UVM faculty advance with a new contract
The new contract for faculty at the University of Vermont contains some important concessions from the administration, but until the budget prioritizes academics, there will continue to be pressure on academic workers, explainand .
AFTER MORE than 15 months of negotiations, members of United Academics AFT-AAUP ratified a new contract for the University of Vermont’s full-time faculty. The agreement maintains current benefits, staves off objectionable intellectual property language, and makes some advances in promotion increases, faculty development funds and workload language.
It also provides an 8.5 percent salary increase over the three years of the contract — 2.5 percent above the administration’s proposed 6 percent. An external “fact finder,” enlisted when negotiations and mediation failed to produce an agreement, sided with the union in citing a “continuing need to increase the bargaining unit’s salaries to be more in line with their comparable peers.”
The union’s pushback against the administration’s sub-inflation salary proposal also ensures that, in the face of rising health-care premiums, faculty don’t see their take-home pay decrease.
The downside of this contract is that salary increases are only retroactive to January 2018 not July 2017, when the last contract expired. The fact finder cited declining tuition revenue as justification for this decision. Lack of full retroactivity both cuts into the salary increase and sets a worrying precedent in giving the administration an incentive to stall negotiations in the future.
The claim of declining tuition revenue also bolsters the administration’s assertions that the university is cash-strapped and cannot afford to fully fund the curriculum.
Even before the contract was settled, the administration had embarked on deep cuts in the College of Arts and Sciences, leading to course cancellations and layoffs of non-tenured faculty. The new contract provides little defense against the administration’s plans to eliminate 70 full-time college positions over the next five years.
Yet the union has found that despite decreasing enrollments — part of a national trend — the financial health of the university is strong.
The “budget deficit” in the College of Arts and Sciences is a manufactured crisis, created by an “incentive-based budgeting” model that artificially underfunds academics to “incentivize” departments to find cheaper ways to deliver instruction and to compete against one another for students.
Union investigation into university spending has also found that administrators are prioritizing short-term image over long-term academic health. While cutting teaching faculty, the university spent $1.6 million on a branding consultant, $3 million on construction of a new bridge between a student dorm and the library, and announced fee hikes in order to finance a new $80-million sports facility.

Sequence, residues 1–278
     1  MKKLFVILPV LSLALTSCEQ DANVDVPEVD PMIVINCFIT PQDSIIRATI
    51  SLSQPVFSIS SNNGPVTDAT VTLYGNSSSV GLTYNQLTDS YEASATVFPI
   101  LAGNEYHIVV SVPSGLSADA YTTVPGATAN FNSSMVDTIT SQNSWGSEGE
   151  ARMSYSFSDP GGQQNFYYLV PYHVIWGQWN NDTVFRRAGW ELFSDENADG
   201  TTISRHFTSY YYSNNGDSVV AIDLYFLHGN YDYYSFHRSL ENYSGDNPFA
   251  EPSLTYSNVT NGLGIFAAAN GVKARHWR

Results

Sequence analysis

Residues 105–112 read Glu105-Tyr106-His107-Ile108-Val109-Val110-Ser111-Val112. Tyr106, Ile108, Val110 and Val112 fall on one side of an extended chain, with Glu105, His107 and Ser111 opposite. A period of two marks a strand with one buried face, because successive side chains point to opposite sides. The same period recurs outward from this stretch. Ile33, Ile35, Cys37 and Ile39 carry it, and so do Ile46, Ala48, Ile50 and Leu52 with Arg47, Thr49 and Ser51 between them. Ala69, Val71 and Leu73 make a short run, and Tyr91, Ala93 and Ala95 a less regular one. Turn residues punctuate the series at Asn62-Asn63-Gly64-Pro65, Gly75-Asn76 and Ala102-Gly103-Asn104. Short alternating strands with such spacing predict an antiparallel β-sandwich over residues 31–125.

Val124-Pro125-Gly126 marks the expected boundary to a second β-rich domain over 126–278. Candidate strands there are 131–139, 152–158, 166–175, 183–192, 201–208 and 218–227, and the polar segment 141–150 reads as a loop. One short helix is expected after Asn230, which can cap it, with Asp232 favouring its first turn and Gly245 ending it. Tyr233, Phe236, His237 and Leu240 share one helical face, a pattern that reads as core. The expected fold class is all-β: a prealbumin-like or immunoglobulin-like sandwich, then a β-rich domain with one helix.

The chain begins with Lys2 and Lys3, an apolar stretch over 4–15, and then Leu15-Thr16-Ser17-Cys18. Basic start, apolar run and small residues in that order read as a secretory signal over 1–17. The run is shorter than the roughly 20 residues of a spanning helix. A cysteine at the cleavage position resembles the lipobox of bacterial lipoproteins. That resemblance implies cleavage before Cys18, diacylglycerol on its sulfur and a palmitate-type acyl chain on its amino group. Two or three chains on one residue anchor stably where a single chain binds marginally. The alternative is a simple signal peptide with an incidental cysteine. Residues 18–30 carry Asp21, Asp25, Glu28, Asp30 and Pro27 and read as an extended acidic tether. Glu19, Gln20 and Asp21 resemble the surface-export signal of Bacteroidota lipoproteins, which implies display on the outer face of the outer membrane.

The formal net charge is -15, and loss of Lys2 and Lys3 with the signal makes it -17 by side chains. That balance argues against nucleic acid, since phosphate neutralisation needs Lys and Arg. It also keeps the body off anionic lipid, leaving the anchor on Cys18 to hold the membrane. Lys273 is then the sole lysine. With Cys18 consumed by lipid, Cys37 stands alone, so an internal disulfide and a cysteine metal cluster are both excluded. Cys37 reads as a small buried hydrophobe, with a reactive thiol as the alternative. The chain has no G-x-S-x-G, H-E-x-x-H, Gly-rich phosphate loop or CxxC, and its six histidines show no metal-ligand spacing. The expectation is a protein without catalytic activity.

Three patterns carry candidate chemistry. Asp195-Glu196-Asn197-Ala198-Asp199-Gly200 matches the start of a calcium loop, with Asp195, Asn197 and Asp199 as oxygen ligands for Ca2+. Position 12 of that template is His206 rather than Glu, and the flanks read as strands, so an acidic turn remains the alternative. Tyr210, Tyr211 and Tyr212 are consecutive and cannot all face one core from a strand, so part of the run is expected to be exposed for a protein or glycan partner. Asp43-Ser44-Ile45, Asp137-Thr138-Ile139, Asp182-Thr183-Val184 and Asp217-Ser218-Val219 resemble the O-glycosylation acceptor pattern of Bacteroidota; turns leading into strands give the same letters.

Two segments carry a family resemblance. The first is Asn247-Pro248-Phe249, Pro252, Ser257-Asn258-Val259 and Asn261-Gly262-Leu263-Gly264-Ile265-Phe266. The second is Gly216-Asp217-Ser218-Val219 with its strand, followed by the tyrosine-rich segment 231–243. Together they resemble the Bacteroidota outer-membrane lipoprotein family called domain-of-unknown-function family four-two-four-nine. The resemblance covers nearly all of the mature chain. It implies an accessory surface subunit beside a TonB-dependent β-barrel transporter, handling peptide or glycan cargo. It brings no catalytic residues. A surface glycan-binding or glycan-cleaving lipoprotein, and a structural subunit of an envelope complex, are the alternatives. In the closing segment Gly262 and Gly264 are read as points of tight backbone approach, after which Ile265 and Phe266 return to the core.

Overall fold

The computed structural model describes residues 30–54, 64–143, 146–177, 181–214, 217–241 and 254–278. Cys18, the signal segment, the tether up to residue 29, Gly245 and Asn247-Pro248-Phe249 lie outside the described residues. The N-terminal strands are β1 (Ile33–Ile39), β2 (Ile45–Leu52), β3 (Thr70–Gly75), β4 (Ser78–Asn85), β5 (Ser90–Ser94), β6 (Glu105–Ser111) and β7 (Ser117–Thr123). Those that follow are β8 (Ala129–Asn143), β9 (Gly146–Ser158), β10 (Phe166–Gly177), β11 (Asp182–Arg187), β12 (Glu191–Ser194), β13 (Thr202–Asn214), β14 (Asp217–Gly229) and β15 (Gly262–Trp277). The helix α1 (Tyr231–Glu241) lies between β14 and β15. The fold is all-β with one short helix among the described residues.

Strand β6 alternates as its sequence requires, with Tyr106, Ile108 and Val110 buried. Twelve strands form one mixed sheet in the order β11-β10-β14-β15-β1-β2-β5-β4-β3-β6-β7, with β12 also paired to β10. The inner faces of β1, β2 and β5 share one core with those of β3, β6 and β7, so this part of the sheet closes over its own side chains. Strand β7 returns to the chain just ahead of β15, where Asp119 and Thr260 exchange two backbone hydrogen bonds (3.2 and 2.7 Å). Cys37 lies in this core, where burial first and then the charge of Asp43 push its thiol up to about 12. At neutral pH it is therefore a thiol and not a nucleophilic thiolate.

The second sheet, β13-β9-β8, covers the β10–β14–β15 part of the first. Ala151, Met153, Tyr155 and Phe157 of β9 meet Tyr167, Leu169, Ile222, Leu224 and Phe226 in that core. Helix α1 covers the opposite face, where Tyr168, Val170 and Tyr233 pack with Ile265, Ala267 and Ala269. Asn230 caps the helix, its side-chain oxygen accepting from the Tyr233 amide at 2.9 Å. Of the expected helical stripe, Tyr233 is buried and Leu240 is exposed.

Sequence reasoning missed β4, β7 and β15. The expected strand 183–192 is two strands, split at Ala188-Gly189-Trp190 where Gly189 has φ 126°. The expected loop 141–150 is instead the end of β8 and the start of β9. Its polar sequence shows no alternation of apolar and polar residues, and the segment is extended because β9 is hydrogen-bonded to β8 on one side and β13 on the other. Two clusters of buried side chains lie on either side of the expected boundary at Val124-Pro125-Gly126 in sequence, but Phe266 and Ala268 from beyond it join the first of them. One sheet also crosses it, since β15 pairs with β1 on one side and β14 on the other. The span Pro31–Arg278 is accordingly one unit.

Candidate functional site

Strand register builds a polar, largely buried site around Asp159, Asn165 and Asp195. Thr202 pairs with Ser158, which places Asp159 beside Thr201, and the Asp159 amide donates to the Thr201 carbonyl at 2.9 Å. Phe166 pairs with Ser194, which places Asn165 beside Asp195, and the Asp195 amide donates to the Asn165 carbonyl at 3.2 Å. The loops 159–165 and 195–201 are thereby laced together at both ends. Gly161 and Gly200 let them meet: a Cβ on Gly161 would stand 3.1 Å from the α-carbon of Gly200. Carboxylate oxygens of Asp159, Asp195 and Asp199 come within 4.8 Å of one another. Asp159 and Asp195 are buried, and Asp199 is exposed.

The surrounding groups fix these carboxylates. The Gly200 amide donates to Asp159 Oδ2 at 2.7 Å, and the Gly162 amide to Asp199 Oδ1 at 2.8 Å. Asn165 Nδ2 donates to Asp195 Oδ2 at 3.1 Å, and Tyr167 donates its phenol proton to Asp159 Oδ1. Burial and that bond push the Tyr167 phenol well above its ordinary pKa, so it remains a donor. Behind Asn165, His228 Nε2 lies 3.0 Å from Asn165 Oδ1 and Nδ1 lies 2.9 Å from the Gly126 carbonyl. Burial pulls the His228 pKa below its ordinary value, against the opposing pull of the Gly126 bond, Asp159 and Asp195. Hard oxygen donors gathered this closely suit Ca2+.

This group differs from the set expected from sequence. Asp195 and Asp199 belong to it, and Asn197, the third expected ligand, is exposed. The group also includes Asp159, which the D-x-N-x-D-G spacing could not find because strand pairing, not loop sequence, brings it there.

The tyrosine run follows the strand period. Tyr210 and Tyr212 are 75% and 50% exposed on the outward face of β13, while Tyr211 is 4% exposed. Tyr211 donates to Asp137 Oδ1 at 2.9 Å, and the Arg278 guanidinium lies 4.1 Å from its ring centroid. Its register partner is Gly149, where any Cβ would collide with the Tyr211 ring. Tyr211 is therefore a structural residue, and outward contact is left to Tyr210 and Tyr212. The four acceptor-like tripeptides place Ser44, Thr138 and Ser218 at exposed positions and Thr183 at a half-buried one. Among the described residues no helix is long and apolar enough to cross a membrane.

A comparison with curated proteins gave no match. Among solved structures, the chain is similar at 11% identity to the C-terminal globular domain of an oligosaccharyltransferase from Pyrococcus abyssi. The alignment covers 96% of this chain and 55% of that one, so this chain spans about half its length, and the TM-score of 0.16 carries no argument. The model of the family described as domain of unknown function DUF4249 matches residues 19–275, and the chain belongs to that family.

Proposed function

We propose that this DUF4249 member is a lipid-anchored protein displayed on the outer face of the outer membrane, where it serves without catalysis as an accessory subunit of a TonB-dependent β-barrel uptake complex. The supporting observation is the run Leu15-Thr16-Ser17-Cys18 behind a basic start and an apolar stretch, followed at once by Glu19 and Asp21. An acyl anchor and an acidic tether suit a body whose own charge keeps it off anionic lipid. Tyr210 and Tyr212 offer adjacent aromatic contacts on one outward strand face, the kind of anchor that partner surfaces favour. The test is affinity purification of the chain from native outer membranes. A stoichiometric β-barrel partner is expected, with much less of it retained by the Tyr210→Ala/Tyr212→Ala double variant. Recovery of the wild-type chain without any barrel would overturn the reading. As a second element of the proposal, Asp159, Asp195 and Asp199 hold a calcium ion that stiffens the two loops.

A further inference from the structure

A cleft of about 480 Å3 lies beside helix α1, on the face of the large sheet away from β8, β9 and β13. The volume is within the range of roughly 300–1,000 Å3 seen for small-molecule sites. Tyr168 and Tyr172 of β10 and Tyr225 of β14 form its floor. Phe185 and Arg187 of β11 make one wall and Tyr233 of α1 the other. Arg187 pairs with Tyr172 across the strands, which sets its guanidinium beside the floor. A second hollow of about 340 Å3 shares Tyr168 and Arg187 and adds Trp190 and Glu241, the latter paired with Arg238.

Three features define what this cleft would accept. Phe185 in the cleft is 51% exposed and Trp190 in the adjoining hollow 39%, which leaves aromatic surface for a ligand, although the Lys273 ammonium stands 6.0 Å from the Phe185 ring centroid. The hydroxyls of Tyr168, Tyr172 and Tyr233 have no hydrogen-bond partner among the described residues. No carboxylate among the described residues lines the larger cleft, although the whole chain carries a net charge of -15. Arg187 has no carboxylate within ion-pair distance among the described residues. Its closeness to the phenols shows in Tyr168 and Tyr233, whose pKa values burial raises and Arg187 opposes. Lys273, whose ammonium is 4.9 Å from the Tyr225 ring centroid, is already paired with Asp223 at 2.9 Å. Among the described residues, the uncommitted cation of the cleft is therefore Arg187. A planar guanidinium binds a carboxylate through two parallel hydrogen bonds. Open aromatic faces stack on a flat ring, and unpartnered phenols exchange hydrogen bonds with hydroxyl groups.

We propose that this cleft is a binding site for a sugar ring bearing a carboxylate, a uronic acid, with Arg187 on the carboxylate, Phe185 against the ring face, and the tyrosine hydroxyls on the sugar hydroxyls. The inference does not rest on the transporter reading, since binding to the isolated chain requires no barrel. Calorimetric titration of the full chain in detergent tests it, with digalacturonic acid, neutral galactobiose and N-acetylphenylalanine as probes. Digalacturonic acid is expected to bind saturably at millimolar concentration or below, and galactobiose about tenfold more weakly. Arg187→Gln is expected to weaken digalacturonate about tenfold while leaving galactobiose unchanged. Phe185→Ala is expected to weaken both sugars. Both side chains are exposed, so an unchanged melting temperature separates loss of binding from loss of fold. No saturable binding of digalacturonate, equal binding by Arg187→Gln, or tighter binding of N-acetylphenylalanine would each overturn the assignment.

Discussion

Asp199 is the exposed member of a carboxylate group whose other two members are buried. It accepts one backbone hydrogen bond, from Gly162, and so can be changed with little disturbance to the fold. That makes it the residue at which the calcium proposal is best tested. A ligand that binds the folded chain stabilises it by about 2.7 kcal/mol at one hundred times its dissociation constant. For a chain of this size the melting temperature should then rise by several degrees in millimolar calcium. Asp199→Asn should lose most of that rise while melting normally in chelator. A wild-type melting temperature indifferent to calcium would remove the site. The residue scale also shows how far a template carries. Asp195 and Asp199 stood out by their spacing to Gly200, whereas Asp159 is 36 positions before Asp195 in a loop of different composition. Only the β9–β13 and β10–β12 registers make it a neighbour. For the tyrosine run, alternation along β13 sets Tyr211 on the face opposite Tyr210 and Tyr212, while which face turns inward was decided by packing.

An analysis by the American Association of University Professors found that UVM spends far less on academics compared to peer institutions; only $1 out of $3 of the operating budget is spent on faculty teaching and research.
THE UNION has consistently argued that the way to respond to declining enrollments is to invest in education and to cut “from the top” by trimming administrative positions and scaling back on expensive discretionary projects.
The cancellation of 12 classes this spring saved an estimated $70,000 to $150,000. The annual cost of salary and fringe benefits for just three of the university’s vice presidents is $1 million.
Throughout the long months of negotiation, the union has run a contract campaign to inform faculty about the university’s misplaced spending priorities and to encourage unity across the competitive divides created by austerity budgets. Under the slogan, “Don’t shortchange academics at UVM,” the campaign included outreach to students and the broader community.
With an administration still intent on funding amenities while cutting faculty, United Academics can’t afford to mothball this campaign. Negotiations for part-time faculty have just started — with the administration expected to propose alarming rollbacks of past contract gains.
Full- and part-time faculty together face an ongoing struggle to defend what we’ve won previously and to stave off further cuts to classes and faculty. While the contract for full-time faculty is far better than anything the administration had proposed, it is clear that these fights are just beginning.
Importantly, these fights take place in a landscape of rising struggle. Nationally, the #RedForEd movement has scored victories for public education in states hardest hit by defunding and where teachers have the fewest (or no) collective-bargaining rights.
Next door, at the University of Vermont Medical Center, the AFT nurses’ union has mobilized hundreds of members and supporters against administrators who value profit over patients. The nurses have said no to mediators, no to fact-finders, and yes to solidarity.
Recent teachers’ struggles that have already won impressive gains share some common strategies: internal organizing to increase active participation; sustained solidarity outreach to students, parents, and the community; and mass actions that send a message of unity and strength.
United Academics will need to draw on these examples in the continuing effort to win strong contracts, defend against ongoing attacks, and challenge the current priorities at the university.